"It was a joke to show how narcissist he is," Yan wrote when asked about the details of the scene. "It didn't work -- we all agreed -- so we rewrote some ADR. That's it. Absolutely no reshoots were devoted to this nonsense issue."
It was a joke to show how narcissist he is. It didn t work we all agreed so we rewrote some ADR. That s it. Absolutely no reshoots we re devoted to this nonsense issue.Cathy Yan (@CathyYan)
The discussion came as a result of one of Yan's earlier tweets in which the filmmaker filmmaker David Ayer, who had himself posted about the reshoots on that film and how they completely altered the tone of the film. Soon after, rumors began to resurface that Yan's had, in an early iteration, featured "dick pics" of Sionis that the villain was allegedly fixated on getting back due to perception of size. While Yan did confirm that there was the Sionis-as-David image, she was clear that not only would that image have constituted a "dick pic" but there was never anything in the story about perceived size.
"This is not true," "There has never been any discussion around the size of Roman's dick. I can't believe I even have to write that! The original script called for an image of Roman as Michelangelo's David. You know? Art? If that's a dick pic, then the Louvre is full of them."
As for what was originally part of the film -- -- Yan has previously explained that her atypical "sizzle reel" that she made to pitch her vision for Birds of Prey included a montage set to a homemade remix of "Diamonds Are a Girl's Best Friend" that illustrated "the worst of modern womanhood".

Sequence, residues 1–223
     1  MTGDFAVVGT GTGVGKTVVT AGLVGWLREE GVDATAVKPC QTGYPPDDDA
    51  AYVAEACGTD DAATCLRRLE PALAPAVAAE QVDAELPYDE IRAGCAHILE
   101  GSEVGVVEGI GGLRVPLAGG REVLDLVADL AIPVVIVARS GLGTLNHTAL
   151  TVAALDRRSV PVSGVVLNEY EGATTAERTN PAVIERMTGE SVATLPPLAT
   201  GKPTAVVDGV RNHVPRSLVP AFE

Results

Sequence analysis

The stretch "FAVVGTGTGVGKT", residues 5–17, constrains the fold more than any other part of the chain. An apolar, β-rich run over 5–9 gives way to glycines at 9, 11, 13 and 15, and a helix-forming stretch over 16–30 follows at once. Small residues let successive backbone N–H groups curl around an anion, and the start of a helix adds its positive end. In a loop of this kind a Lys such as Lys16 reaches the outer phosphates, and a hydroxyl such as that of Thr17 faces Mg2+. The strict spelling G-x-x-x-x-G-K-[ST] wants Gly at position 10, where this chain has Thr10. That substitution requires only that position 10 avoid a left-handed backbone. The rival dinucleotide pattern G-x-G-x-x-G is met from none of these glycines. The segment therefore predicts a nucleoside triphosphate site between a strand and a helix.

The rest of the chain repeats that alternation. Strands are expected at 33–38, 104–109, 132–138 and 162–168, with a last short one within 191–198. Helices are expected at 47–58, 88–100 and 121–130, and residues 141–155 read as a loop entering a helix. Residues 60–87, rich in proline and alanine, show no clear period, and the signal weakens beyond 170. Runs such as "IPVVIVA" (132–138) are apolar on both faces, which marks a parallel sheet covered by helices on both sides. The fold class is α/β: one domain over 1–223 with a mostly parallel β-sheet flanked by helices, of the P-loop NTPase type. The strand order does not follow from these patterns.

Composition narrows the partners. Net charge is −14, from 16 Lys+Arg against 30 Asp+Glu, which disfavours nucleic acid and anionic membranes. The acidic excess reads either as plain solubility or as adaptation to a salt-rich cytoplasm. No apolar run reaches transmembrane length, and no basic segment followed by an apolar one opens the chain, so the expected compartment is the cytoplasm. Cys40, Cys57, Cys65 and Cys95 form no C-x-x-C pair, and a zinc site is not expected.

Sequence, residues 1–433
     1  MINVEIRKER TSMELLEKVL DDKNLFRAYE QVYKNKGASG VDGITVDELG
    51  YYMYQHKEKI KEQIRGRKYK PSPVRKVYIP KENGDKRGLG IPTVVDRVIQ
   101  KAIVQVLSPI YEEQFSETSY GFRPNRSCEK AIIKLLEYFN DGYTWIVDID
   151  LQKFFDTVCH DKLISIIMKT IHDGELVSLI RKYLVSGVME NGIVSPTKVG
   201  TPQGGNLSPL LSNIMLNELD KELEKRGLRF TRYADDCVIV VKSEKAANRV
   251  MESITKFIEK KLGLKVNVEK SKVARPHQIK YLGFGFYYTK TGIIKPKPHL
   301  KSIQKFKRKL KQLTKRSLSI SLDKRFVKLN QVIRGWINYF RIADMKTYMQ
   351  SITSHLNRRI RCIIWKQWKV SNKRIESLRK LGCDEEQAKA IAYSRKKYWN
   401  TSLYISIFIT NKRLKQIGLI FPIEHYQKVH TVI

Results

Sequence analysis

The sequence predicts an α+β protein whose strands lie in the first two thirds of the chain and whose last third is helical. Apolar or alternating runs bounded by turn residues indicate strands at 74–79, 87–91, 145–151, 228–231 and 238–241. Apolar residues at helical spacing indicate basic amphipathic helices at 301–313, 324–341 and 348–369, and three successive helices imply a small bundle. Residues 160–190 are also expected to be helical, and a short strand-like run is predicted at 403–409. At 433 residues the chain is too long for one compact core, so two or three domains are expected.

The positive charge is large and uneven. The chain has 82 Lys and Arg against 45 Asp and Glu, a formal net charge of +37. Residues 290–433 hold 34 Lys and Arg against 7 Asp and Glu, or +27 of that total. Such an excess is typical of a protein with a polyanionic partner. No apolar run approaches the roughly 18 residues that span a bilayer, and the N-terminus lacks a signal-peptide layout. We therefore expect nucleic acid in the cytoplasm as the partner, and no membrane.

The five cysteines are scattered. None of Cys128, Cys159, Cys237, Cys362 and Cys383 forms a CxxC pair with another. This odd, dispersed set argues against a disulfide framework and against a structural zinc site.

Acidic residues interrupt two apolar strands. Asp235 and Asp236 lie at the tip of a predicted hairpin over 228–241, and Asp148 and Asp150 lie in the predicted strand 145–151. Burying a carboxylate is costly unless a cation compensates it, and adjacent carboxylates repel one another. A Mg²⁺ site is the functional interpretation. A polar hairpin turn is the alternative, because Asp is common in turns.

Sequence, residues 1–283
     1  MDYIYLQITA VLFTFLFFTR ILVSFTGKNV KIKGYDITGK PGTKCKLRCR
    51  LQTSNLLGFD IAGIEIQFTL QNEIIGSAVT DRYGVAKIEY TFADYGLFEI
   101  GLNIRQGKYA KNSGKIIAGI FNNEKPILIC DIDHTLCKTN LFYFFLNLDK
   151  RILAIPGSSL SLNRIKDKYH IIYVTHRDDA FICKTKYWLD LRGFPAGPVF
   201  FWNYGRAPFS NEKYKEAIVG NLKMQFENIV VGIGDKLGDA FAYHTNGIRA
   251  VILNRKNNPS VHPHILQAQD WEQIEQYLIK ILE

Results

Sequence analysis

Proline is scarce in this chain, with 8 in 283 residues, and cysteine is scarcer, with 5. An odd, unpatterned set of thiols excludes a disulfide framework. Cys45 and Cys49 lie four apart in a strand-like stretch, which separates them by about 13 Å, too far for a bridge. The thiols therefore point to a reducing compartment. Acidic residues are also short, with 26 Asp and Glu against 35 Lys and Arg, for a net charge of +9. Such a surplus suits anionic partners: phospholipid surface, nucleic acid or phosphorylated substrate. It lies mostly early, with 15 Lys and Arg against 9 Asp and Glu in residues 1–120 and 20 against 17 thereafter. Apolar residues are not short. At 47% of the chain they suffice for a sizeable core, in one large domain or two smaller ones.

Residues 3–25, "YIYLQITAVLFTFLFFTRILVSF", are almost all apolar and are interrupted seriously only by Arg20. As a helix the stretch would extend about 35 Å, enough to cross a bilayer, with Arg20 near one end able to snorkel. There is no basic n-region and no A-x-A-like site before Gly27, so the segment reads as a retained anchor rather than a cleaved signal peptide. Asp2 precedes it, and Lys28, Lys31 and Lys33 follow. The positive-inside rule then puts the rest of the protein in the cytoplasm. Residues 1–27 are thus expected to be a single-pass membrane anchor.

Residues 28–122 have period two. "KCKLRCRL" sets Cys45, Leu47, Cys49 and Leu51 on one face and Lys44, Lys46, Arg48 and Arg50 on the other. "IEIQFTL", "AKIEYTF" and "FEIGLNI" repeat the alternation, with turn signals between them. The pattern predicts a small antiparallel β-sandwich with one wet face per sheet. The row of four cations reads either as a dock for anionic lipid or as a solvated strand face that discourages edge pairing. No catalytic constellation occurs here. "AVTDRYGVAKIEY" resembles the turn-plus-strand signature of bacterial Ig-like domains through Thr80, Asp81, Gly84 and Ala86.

Like, scenes from Bachelor proposals, the De Beers diamond commercial, Kim Kardashian s vampire facial, Fox anchors talking about women, Trump saying Grab em by the p*ssy ," Yan explained. "After I showed the video, there was just silence.
However, that initial take is what prompted , who served as a producer on the film, to want to bring her on board.
"We explored so many different directors," Robbie said during a visit to the film's set. "I said I really want it to be a female director if that's how it kind of comes together. But of course, I don't ever think you should force that, either. At the end of the day, it's whoever's the best person for the job. And we met with directors, both male and female, and Cathy gave the best pitch. She came in, she understood the piece, she elevated the ideas that we'd been working on and kind of took them to a place. And that's kind of what you need your director to do, to take what you have and then elevate it to another level. And she did that. And I remember writing copious notes every time we spoke to someone, and Cathy came in and my page was like just a big smiley face. I was just like, 'It's perfect. She's perfect for it.' Yeah, so it was really exciting, that initial conversation."
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